Around the same time, the unpredictable global economic conditions led to the cancellation of the Academy general meeting. All of a sudden, the virtual meeting platform, used only so far in the relatively small and experimental first conference, was needed for the larger, more elaborate general meeting, which would now take place in mid-November, barely four weeks away.
It took a heroic effort on the part of the small team building these virtual meeting capabilities. They had to significantly accelerate their efforts to be ready to host the annual meeting. Luckily, these were among the top technical people in IBM, - their talent, skills and hard work made the heroic effort possible.
The Academy’s annual general meeting took place from November 14 – 16. Overall, about 200 participants from 34 countries attended the virtual Academy meeting. About 150 poster sessions were held in the Second Life platform, as well as a variety of additional meetings.
The early feedback indicates that about 75% of the participants thought that the event was successful, not a bad number when you consider that the whole virtual Academy meeting was put together in the short four weeks from the time the physical meeting was canceled.
Everyone agreed that there is a lot to be done. The tools need to be made much more robust and easier to install. The various tools used to conduct a virtual meeting must be better integrated with each other. It is very important to spend time training people in the use of the virtual meeting tools, so they can forget about them and focus on the meeting itself.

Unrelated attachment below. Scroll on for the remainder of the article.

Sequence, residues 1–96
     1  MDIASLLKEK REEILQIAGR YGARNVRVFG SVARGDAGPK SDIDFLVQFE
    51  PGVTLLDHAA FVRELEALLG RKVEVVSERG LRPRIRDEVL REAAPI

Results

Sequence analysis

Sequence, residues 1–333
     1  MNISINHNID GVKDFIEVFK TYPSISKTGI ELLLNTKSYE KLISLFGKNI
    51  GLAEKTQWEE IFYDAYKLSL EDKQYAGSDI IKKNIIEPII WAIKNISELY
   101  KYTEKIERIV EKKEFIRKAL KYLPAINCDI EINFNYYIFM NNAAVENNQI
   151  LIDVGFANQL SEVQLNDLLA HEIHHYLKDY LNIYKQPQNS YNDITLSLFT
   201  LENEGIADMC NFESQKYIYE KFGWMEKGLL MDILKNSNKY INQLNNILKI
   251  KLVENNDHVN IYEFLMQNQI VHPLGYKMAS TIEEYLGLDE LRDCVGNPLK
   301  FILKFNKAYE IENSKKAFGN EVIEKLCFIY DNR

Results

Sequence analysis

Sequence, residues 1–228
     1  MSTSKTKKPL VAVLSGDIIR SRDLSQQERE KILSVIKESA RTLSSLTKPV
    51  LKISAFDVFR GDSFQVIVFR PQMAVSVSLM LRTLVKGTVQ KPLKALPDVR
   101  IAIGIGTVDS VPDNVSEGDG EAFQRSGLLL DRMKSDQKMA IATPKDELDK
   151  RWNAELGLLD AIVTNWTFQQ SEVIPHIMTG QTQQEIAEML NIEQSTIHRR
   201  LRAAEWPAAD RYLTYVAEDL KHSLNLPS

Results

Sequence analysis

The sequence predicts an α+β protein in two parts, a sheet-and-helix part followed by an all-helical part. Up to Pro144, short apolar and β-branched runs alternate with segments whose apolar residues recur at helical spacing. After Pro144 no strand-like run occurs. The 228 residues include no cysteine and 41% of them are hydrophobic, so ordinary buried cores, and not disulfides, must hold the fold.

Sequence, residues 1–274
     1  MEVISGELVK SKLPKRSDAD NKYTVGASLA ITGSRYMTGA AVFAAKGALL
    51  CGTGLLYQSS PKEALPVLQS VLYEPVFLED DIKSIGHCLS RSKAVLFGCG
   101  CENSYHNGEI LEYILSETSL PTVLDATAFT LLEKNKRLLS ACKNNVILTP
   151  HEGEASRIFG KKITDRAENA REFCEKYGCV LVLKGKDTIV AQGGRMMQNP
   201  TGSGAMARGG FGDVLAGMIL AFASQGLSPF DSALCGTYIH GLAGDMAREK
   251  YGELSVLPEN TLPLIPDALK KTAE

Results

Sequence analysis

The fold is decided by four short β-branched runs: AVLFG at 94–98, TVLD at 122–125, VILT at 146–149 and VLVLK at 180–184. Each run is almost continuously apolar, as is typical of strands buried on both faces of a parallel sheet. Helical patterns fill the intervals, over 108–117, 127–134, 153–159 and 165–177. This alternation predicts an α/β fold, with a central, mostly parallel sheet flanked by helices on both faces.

The team also learned that organizing a virtual worlds conference takes as much effort as organizing a traditional conference. However, the costs to deliver the conference are significantly lower. Good logistics and support are critical to the success of a conference, whether conducted in a virtual or physical world. Finally, content is everything. Good presentations and sessions are key to any conference, virtual or otherwise.
Next, let me talk about a different kind of serious virtual world application. The Virtual Forbidden City: Beyond Space and Time, a partnership between the Palace Museum and IBM was just recently opened to the public.
For almost five centuries, from 1420 to 1923, the Forbidden City in Beijing was the home of the Emperor and his household during the Ming and Qing dynasties, as well as the ceremonial and political center of the Chinese government. After the end of the Imperial period in China, it was opened to the public and became a museum.
The Forbidden City is a huge palace complex covering more than 178 acres. It was created to embody the idea of the emperor as the center of the universe. It consists of 980 surviving buildings with over 8,700 bays of rooms, as well as large numbers of historic artifacts. It was declared a Unesco World Heritage Site in 1987, - the largest collection of preserved ancient wooden structures in the world.
The Virtual Forbidden City is a fully immersive, three-dimensional virtual world that re-creates and enables visitors to experience the Forbidden City. Visitors are invited to choose one of nine avatars dressed in historical Qing era customes. They can then navigate the palace as they would in real life, take virtual tours by themselves or with a guide, explore buildings and objects, and click on them for deeper information. They can also do more unusual things like stray into courtyards closed to tourists, lift building off their foundations to view them from different angles, watch the Qing dynasty emperor feast at dinner, train fighting crickets, practice archery, and play Go.
There is no doubt in my mind that we will see more and more exciting new virtual places to visit like the Virtual Forbidden City, and that virtual meetings and conferences like those just conducted by the IBM Academy of Technology will be increasingly adopted. Much remains to be done, some of it technical, - as we learn how to significantly improve the platforms and tools; and some of it is cultural - as we learn how to seamlessly integrate these virtual applications into our physical work and life. There is nothing standing in our way other than the will to innovate and lots of hard work.